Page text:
College Stats Breakdown: Hansen’s Light Track Record

College baseball began in earnest this past weekend, marking an unofficial beginning to the spring follow period, where scouts get final looks at the class before making key decisions in June’s draft.

This year’s class is largely defined by the pitching at the top, with prep lefthander Jason Groome competing against college arms A.J. Puk (Florida) and Alec Hansen (Oklahoma).

At the top of the draft, teams clearly value track record. More data available on a player can allow teams to feel more comfortable in their assessment of the player’s tools. For first-round picks, teams usually have seen college pitchers throw hundreds of innings, both in college and in summer ball.

Over the past three drafts, 22 pitchers have been selected with a top-30 pick. If we total their innings in school, Team USA’s Collegiate National Team and in the Cape Cod League, here’s the number of innings each of those pitchers racked up.

Overall Pick, Year
Pitcher R/L Innings
4 (2015) Dillon Tate RHP 161
6 (2015) Tyler Jay LHP 150
8 (2015) Carson Fulmer RHP 296
16 (2015) James Kaprielian RHP 304.2
24 (2015) Walker Buehler RHP 273.1
29 (2015) Jon Harris RHP 292.1
3 (2014) Carlos Rodon LHP 381.2
7 (2014) Aaron Nola RHP 343
8 (2014) Kyle Freeland LHP 332
9 (2014) Jeff Hoffman RHP 306
14 (2014) Tyler Beede RHP 299.2
15 (2014) Sean Newcomb LHP 239.1
17 (2014) Brandon Finnegan LHP 278.1
18 (2014) Erick Fedde RHP 299.2
27 (2014) Luke Weaver RHP 290.1
1 (2013) Mark Appel RHP 406.2
15 (2013) Braden Shipley RHP 216
18 (2013) Chris Anderson RHP 276.1
19 (2013) Marco Gonzales LHP 336
20 (2013) Jonathon Crawford RHP 193.2
23 (2013) Chi Chi Gonzalez RHP 386.1
29 (2013) Ryne Stanek RHP 290

The mean number of innings is just under 290, being dragged down by outliers Tyler Jay—who was used as a reliever in college—and Dillon Tate, who pitched out of the bullpen until his junior season. If those two were removed from the sample, the mean would be over 300 innings. Also of note is the historical weakness of the 2015 class; both Tate and Fulmer have reliever traits to their deliveries and were able to go towards the top of the draft in a class that was light on college pitching.

This year’s college pitching class is not exceptionally good, but it has quality depth, with many pitchers showing promising starter traits and having strong track records of performance.

Here’s the number of innings logged (at school, with Team USA and on the Cape) so far by pitchers who ranked among college baseball’s top 15 prospects for the 2016 draft class, as well as a projection of their final innings total. Based on the history of each pitcher, I project either 90 or 75 more innings, both pretty conservative estimates.

Player Preseason College Rank Innings Projected Innings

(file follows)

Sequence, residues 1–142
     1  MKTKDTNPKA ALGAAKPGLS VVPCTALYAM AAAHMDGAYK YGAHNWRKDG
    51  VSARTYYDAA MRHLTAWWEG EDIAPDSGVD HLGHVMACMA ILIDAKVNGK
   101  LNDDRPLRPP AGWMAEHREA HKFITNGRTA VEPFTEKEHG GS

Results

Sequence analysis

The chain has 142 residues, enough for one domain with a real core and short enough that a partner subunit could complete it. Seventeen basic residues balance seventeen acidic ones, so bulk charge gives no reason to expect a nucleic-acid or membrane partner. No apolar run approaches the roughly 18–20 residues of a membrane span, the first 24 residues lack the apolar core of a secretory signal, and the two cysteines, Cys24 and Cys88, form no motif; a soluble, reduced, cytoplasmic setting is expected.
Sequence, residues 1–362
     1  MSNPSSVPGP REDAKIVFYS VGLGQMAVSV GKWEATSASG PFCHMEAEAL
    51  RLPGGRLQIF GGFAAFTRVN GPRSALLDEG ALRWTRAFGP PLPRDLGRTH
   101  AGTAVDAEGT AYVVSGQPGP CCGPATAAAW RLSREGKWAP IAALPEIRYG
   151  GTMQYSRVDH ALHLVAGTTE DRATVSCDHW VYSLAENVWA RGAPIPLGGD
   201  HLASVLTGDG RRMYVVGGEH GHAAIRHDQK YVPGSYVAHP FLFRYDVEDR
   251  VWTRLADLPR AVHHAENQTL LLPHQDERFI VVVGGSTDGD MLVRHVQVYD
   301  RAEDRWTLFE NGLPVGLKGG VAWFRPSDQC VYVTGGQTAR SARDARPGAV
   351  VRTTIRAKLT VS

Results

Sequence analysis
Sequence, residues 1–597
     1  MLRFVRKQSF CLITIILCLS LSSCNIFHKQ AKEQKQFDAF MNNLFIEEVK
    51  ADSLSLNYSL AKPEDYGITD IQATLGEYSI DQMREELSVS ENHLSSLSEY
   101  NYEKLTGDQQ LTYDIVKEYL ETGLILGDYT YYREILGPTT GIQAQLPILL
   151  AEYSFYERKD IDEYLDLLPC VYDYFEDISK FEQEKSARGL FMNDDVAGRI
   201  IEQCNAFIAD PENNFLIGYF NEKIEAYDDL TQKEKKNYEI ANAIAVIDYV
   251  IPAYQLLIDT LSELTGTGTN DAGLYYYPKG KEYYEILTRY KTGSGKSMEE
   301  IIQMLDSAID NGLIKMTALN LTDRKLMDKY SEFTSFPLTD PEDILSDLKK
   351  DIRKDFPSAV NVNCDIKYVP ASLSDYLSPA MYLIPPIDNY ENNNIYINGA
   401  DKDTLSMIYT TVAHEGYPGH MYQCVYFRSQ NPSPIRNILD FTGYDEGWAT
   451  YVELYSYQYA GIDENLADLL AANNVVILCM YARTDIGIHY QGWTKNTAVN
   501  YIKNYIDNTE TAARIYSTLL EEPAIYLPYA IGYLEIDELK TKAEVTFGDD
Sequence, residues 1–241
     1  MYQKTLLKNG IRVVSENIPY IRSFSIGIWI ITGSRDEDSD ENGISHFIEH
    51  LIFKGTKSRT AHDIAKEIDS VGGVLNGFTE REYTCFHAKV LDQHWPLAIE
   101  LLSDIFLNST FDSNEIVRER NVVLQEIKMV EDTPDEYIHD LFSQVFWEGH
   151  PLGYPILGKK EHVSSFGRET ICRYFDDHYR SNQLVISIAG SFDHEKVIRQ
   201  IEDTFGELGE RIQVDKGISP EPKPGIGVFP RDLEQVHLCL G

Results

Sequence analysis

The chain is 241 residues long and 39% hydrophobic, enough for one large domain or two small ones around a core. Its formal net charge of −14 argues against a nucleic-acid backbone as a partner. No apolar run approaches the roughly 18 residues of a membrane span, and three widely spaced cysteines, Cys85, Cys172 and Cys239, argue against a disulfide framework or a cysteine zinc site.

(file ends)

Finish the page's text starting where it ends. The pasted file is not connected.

AJ Puk 1 136.1 226.1
Alec Hansen 2 94.1 169.1
Kyle Funkhouser 6 336.2 426.2
Connor Jones 7 177.1 267.1
Matt Krook 9 60.2 135.2
Robert Tyler 10 125.1 215.1
Logan Shore 12 222 312
Cal Quantrill 14 129.1 129.1
Mike Shawaryn 15 223.2 313.2

This year’s class has, in general, logged fewer innings than the classes preceding it. Kyle Funkhouser will have the longest track record, likely to reach the 400-inning mark, something done only by Mark Appel, who also played four years of college baseball. Mike Shawaryn, Logan Shore and Connor Jones could reach the mean of 290 innings, but it seems unlikely that the rest of the group will.

Oregon lefthander Matt Krook has logged the fewest innings of any pitcher in this group, having missed the entirety of his sophomore year and pitching just over 11 innings on the Cape as a rising junior due to Tommy John surgery. Cal Quantrill is likely to miss most of his junior season for the same reason. Robert Tyler missed much of his sophomore year due to injury. A.J. Puk has a clean bill of health, but hadn’t really established himself as a rotation piece for Florida until midway through his sophomore season.

Oklahoma righthander Alec Hansen has pitched the fewest innings of anyone in this group that has been healthy throughout their college career. Hansen pitched sparingly as a freshman, as he learned to harness his elite raw stuff. He made strides in the California Collegiate League as a rising sophomore, then earned a spot in the Sooners’ rotation in 2015. Hansen logged 82 innings in 15 starts. This season, Hansen is off to a rough start; he threw 36 pitches over one-plus inning, allowing four walks, hitting one batter, throwing one wild pitch and surrendering three runs and one hit.

Hansen’s track record to this point is not like that of most top picks. Over his 94 1/3 innings, he’s walked 61 batters and posted a 4.29 ERA. He has also been sidelined with arm issues, once during his senior year of high school, and then again this past fall, though that was more precautionary than it was alarming.

Hansen certainly has time to right the ship, with more than three months until the draft. His raw stuff will keep him in the discussion to be chosen early in the draft, but he’ll have to show the ability to make adjustments soon, as the longer it takes for him to find success, the less confidence teams will have in his ability to eventually use his tools.

 

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